Tuesday, July 28, 2020

SOL: Book Joy! and #52Stories 29/52

#52Stories is my attempt to write 52 stories from my life during the year 2020. At least one story a week, in no particular order, to remember and document some of the memories and moments of my life.

We read books multiple times a day, every time I watch the grand boys.

I celebrate these recent book connections from three and a half year old grandson Jack with joy and a bit of grandmotherly pride.
  • The first connection occurred as Sara was making pancakes. Jack noted that they were feasting on pancakes just like chipmunk did in the poem, "Breakfast." I recently shared Toasting Marshamallows: Camping Poems by Kristin O'Connell George with my daughter so that Jack would know what to expect on their upcoming camping trip. And then I worried that it was too advanced for him, but apparently, you're never too young for good poems.
  • Jack was getting ready for a backyard camp out with his dad. They set up the tent. They put the sleeping bags in the tent. They were planning to have s'mores. So Jack suggested that they hunt for firewood to build a fire (even though they were roasting marshmallows over their outdoor grill). Because that's how they do it in Henry and Mudge and the Starry Night.   
  • Last week, Jack was busy previewing one of the books from my book bag. I glanced over and thought, Rude Cakes by Rowboat Watkins is a tough one to figure out on your own. But Jack puzzled his way through the pages and ended the book with this proclamation, "It has a happy ending."
And this photo of fifteen month old Robby and his dad engrossed in the Sunday paper is priceless!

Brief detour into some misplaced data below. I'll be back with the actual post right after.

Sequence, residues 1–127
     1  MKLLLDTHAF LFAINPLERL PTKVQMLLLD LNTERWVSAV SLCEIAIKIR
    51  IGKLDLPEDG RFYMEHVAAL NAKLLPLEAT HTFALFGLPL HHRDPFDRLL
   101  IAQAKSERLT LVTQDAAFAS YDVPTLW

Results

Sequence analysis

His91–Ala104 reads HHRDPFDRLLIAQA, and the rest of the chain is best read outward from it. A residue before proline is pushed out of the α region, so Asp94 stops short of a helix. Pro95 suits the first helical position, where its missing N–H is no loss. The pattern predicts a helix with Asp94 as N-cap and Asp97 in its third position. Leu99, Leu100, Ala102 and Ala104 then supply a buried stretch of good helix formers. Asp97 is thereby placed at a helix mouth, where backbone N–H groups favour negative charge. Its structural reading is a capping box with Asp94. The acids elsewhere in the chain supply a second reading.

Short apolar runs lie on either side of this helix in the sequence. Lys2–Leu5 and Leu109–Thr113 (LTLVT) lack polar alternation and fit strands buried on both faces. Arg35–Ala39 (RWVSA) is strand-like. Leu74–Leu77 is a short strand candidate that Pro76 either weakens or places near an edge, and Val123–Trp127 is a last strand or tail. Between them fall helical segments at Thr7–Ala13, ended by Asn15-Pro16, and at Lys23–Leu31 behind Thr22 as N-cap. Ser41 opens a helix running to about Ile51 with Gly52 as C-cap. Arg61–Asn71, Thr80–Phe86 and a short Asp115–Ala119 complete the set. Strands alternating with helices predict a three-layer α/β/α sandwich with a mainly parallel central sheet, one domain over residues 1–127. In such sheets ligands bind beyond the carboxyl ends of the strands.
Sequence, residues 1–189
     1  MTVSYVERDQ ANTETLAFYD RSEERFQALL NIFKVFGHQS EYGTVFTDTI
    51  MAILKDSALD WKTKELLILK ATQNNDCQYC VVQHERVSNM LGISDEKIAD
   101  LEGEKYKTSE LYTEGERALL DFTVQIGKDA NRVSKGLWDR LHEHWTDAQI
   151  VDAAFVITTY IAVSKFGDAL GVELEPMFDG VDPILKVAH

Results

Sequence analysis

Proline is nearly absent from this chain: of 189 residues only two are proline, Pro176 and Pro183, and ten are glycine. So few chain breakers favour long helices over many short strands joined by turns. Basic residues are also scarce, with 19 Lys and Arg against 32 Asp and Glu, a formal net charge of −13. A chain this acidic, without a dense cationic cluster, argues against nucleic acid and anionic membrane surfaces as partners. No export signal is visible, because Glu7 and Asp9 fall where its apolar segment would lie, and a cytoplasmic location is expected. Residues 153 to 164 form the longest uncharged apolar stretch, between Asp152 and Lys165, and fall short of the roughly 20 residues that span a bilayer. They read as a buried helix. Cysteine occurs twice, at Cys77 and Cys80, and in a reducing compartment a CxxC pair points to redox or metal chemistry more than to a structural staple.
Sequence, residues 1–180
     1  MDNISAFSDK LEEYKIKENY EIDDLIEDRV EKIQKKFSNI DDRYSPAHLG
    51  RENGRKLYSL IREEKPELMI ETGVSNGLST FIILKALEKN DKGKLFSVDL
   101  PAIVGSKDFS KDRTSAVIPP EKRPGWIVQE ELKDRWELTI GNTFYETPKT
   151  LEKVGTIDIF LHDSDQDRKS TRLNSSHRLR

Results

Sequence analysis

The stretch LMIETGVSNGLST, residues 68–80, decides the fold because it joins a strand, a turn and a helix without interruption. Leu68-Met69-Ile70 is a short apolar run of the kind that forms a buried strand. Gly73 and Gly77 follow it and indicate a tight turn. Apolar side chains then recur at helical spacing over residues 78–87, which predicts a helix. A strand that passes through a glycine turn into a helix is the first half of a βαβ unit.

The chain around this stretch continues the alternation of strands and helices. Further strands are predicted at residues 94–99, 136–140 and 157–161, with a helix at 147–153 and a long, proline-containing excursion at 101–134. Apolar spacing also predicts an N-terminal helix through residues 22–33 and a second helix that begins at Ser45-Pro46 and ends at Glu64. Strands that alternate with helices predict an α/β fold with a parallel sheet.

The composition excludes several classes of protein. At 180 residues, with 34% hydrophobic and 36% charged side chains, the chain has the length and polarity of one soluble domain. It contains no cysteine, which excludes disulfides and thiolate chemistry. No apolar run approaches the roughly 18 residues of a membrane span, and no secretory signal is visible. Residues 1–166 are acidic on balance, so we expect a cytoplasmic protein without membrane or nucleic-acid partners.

You can't help but be delighted when the next generation shares your love of books.

Friday, July 24, 2020

Poetry Friday & #52Stories 28/52: A Porch Visit Disappoints

   Margaret at Reflections on the Teche is hosting 
this week's roundup of poetic goodness 
with a reflection on the virtual
Summer Poetry Teachers Institute 
she participated in last week.

#52Stories is my attempt to write 52 stories from my life during the year 2020. At least one story a week, in no particular order, to remember and document some of the memories and moments of my life. 

When my daughter (a PA in the medical field) returned to work after her furlough, I resumed watching the grand boys. Our small bubble includes their family of four. But our routine was interrupted this week when daughter spiked a fever. We're staying apart until she gets tested. This poem captures my attempt to drop by her house without being seen this morning.  

A Porch Visit Disappoints

I had good intentions.

An alarm set for 6:15,
an early morning drive 
so I could arrive
before the grand boys woke up.

Half a flat of peaches to share,  
library books for the boys,
and a magazine for daughter. 

Our phone conversation
revealed that Robby,
our early riser,
was already up. 

I tiptoe to the porch, 
quietly place the peaches 
and sack on the table, 
poised for a quick getaway.

But Robby pops into view,
grinning from ear to ear
in jubilant greeting.